Aesop’s stories weren’t written down until the 200sBC – for three hundred years they were remembered and passed on from generation to generation.  Then they were loved enough to be written down and reproduced, and we still know his Fables today.

 

Photo of books on a shelf, Featured Image for blog post on the History of Storytelling, by Jane Mucklow of Picture Your Brand

 

The Bible

The Bible’s Old Testament is another example of older orally told stories being put together.  The different books of the Old Testament were written down at different times probably between 1200BC and 165BC, by different people, and all originally written in Hebrew.  They were only put together not long before the birth of Jesus.

These stories were historical, telling the tales of the Jewish people that were passed on between generations, beginning with the creation myth and history that changed and passed into legend as it was retold over centuries and then more reliable, more recent history.  So archaeology is able to confirm many of the events mentioned, though not all, and some events actually refer to a variety of real events that have amalgamated over time into a single event, or possibly for ease of retelling orally.  They’re also thought to be edited versions of older stories which can explain why they don’t always fit the historical events we now know from archaeology.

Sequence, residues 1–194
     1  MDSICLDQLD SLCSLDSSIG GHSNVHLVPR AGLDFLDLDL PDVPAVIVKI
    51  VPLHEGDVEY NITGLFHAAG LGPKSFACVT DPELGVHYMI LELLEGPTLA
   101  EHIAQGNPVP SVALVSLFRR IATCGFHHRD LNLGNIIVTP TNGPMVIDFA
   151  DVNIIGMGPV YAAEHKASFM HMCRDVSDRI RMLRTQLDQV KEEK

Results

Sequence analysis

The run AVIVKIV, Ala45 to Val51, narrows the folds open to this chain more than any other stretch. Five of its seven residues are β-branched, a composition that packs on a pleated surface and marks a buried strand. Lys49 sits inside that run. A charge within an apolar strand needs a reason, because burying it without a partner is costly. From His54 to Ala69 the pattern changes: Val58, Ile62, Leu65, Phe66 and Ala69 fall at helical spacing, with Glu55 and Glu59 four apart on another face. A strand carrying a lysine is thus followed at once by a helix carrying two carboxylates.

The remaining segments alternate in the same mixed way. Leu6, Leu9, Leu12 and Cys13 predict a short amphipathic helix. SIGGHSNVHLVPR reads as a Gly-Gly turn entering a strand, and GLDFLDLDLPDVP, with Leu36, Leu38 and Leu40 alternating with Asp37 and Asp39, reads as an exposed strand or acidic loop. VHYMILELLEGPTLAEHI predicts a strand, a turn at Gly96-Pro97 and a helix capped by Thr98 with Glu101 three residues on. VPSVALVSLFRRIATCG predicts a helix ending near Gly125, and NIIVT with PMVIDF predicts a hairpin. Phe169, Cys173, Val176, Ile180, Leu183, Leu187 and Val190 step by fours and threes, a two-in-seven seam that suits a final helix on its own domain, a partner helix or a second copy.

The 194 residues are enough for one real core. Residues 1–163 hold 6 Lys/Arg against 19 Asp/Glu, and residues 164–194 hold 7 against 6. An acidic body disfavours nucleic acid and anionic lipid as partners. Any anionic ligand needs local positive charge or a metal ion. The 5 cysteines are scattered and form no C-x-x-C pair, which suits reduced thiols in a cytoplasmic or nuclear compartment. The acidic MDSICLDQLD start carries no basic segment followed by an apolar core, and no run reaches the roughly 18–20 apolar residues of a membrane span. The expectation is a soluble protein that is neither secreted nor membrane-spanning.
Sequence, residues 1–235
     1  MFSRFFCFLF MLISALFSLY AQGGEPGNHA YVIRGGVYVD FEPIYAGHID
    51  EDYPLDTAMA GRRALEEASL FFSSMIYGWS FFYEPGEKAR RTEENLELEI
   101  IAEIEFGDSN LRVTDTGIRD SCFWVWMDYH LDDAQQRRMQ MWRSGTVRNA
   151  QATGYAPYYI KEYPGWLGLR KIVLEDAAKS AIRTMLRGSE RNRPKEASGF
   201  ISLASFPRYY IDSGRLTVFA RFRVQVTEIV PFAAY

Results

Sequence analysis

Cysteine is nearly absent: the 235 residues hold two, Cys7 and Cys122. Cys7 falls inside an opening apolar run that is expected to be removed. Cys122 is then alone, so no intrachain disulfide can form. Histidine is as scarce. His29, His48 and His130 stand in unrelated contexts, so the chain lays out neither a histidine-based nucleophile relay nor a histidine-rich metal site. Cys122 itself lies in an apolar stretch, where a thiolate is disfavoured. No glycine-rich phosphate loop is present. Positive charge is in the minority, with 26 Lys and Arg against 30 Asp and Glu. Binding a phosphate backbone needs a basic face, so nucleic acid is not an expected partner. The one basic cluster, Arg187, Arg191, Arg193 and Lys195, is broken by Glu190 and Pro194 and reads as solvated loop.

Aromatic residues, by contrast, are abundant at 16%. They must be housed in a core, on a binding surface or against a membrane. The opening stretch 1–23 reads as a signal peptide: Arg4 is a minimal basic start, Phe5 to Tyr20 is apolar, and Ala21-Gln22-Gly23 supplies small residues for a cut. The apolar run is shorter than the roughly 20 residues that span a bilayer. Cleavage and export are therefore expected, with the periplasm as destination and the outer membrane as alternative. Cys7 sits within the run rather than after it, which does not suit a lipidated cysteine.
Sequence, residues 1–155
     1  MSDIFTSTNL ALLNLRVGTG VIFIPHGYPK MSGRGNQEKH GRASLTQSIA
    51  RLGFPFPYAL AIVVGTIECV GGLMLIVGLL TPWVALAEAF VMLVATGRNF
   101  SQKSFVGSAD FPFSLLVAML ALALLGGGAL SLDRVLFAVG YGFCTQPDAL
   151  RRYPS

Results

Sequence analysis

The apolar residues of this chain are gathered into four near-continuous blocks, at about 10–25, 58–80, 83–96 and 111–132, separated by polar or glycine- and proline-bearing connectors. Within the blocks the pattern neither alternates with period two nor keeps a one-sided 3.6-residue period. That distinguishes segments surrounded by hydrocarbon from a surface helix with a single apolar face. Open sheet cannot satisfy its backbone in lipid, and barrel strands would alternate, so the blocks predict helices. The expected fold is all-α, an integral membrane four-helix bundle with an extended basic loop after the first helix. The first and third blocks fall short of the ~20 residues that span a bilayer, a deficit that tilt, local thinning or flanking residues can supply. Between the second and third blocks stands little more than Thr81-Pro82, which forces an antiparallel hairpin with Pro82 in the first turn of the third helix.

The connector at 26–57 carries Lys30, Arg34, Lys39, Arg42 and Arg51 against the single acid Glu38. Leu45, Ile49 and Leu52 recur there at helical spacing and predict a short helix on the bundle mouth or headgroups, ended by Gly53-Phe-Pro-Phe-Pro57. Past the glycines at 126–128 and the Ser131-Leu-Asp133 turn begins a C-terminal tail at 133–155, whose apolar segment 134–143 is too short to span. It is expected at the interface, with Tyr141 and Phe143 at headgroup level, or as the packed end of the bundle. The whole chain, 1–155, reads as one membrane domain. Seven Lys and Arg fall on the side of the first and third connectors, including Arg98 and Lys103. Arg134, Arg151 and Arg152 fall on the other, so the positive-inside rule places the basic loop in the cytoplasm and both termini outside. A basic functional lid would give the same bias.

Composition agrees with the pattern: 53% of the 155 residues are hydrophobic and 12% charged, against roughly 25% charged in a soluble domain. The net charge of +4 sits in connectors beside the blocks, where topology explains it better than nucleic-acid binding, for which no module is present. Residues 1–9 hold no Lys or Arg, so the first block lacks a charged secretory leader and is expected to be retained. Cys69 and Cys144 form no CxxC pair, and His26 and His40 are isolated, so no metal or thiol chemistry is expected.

A few of the Old Testament stories have parallels in the Ancient Mesopotamia text of the Epic of Gilgamesh mentioned earlier.  The story of the flood for example, follows the Gilgamesh flood tale.  They probably both drew their material from a common tradition about a flood in Mesopotamia.   

The New Testament books were composed in the second half of the first century AD, but weren’t stories as such.  The four gospels tell the story of Jesus, not as biographies, lessons or for entertainment, but to show his significance to early Christians.  Plus a selection of letters written by early church leaders, answering questions and providing guidance to other early church communities.

 

 

Printing stories

The advent of the printing press is the next milestone, in Germany around 1440AD by the goldsmith Gutenberg.  It built on a variety of other inventions, but it mechanised it all, and added moveable type, making it far quicker and cheaper to print books.  (The Chinese had been printing books by 868AD during the Tang dynasty, with block printing).  Gutenberg printed pamphlets and calendars, and one book: the Bible.  Around 180 copies of it, around 60 on vellum, and the rest on paper – some of each still survive.

The press itself and the trade of printing with it spread from German to Italy, to Paris, and to England in 1476 by William Caxton.